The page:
Tuesday, 25 February 2014

Yangon rentals on the rise, for now

Residential tenants in Yangon may have to pay as much as 60 percent more in rent in 2014 than just two years ago, as quality apartment units are still in short supply as the number of tenants looking for modern accommodation continues to grow, experts said.

Even with prices for rent growing at an exponential rate now for the fifth straight year, realtors are confident that it is only a matter of time until the bubble that has formed in the city’s skewed property market will burst as a slew of new high-end developments in the pipeline are slated to be finished within two years.

“We know that the high rental fees are caused by the lack of equality between rental demand and supply,” said Daw Moh Moh Aung, general secretary of the Myanmar Real Estate Service Association, adding that land prices have generally grown by 50pc since 2012. “Even though there are a lot of condos to rent, tenants are looking to rent spaces that can accommodate both residential and office-space purposes,” she said.

In turn, she said, tenants will be looking to rent on the high-end side of the spectrum with an eye in particular for international standard housing – something that is still scarce in Yangon.

The current rise in rental prices is concentrated in trending neighbourhoods in Yangon such as Kyauktada and Lanmadaw townships, the Sule Pagoda area and Strand Road, as well as Bahan, Kamaryut and Mayangone townships, said U Khin Maung Aye, a senior agent of Shwe Kan Myae real estate agency.

With land and apartment sales prices on the rise, he said that a luxury condominium now sells for K300,000 per square foot, while standard apartments are selling at K200,000 per square foot, more than 50pc higher than 2012 prices.

Daw Myat Thu, of Moe Myint Thaw Dar real estate agency, said that condos on Sule Road, Pansodan Road and along the waterfront are now renting for anywhere between K1.5 million and K2.5 million for 14.4 sq m (1600 sq ft), compared to K1 million to K1.5 million two years ago, she said, adding that tenants of luxury condos on Pyay Road, 7 and 8 miles in Mayangone township and Inya Road in Kamaryut township are paying even more at K4.5 million.

Nevertheless, there are several mid- to high-tier projects currently under construction that will add much needed supply to the market and with any luck, bring down prices, experts said.

Such projects included Shwe Taung Group’s 194-unit Malikha Project in Thingangyun, while Crystal Residences at Junction Square will include a 21-story building filled with condominiums.

“At that time, rental fees will begin to decrease, but if [the new constructions] do not come through to answer the high demand, rental fees will continue to grow,” she said, adding that she estimates demand for rental units to outweigh supply by 50pc.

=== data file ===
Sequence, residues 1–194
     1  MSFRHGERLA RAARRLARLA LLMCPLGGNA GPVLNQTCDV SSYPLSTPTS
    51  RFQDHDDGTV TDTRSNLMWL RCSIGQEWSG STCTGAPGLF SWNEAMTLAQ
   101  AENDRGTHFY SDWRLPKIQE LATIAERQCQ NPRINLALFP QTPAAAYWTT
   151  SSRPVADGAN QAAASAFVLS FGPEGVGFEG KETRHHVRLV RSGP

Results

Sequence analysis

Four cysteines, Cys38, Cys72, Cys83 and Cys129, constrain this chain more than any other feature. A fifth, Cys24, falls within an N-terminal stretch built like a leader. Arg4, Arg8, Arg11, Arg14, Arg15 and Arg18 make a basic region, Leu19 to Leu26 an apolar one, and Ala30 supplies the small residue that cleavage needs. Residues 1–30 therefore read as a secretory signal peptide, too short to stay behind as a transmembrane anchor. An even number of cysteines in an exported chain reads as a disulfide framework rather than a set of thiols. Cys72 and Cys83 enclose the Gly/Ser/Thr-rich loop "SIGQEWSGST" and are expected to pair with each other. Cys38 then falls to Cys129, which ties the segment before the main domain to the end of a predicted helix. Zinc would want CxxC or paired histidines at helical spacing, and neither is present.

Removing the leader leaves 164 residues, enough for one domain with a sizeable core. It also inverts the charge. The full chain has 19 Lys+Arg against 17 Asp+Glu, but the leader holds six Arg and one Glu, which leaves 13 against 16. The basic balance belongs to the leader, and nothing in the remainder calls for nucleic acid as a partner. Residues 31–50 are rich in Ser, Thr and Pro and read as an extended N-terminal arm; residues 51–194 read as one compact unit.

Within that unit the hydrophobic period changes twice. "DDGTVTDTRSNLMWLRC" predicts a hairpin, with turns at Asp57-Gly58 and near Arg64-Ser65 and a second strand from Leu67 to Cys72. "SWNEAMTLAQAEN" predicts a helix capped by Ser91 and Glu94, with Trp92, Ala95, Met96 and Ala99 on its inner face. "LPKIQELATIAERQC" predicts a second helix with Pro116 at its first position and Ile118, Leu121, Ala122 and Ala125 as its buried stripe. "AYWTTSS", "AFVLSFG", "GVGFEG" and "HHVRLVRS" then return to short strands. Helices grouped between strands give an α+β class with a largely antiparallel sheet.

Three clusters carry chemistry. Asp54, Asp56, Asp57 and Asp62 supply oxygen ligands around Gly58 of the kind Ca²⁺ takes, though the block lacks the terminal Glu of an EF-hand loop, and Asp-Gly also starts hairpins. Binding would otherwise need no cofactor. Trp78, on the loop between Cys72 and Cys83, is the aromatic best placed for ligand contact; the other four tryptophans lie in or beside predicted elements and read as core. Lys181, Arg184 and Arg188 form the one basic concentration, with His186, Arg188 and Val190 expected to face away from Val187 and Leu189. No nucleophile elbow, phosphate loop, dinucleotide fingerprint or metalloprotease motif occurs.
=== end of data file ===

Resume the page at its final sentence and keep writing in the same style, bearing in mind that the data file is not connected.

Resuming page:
But with more demand at a higher standard, developers are having to tack on amenities to create the city’s first Grade A units – something Yangon has never seen before – and the result has been higher prices.

“International standard condos must have car parking, shopping malls, fitness centre, resort and spa facilities, full furniture and a lift,” she said, adding that these are the sorts of amenities drawing the attention of the growing number of Myanmar-riche. “Previously in Yangon, a contractor will put in just a lift and call it a condo apartment.”

Modern serviced apartments in today’s market are rented for as little as $4500 per month, she said, while the recently opened Shangri-La Towers at Kandawgyi Lake are asking between $6500 and $15,000 per unit.

According to a December 2013 report by local financial advisory firm New Crossroads Asia (NCA), there are a total of 1600 condominium units in Yangon spread over a total 300,000 square metres. According to the same data, there has been a 414pc increase in land costs in Yangon since 2009.

Historically, developers looking to cater to the strong demand for modern residential and office space in Yangon have been met by resistance in the form of stringent and unclear development laws as well as a lack of transparency in construction and redevelopment tenders, a problem still faced by many investors today.

“The situation is extreme,” Richard Emerson, country manager for international realtor Savill’s, said with regard to current rental prices.

“Rents started increasing dramatically in 2012 and this is obviously a basic supply and demand feature,” he said, adding that prices are disproportional to those of other countries in the region and are bound to equalise.

“But there is considerable supply scheduled for the next two to three years.”

Indeed, ambitious construction projects in Yangon include the $94 million Star City project across the Bago River will bring more than 9000 units, while the HAGL Centre in Bahan township and the Pyidawthar Project will bring another 2800.

“Whether anyone will occupy all of these [apartments] is another matter,” Mr Emerson said.

source: The Myanmar Times
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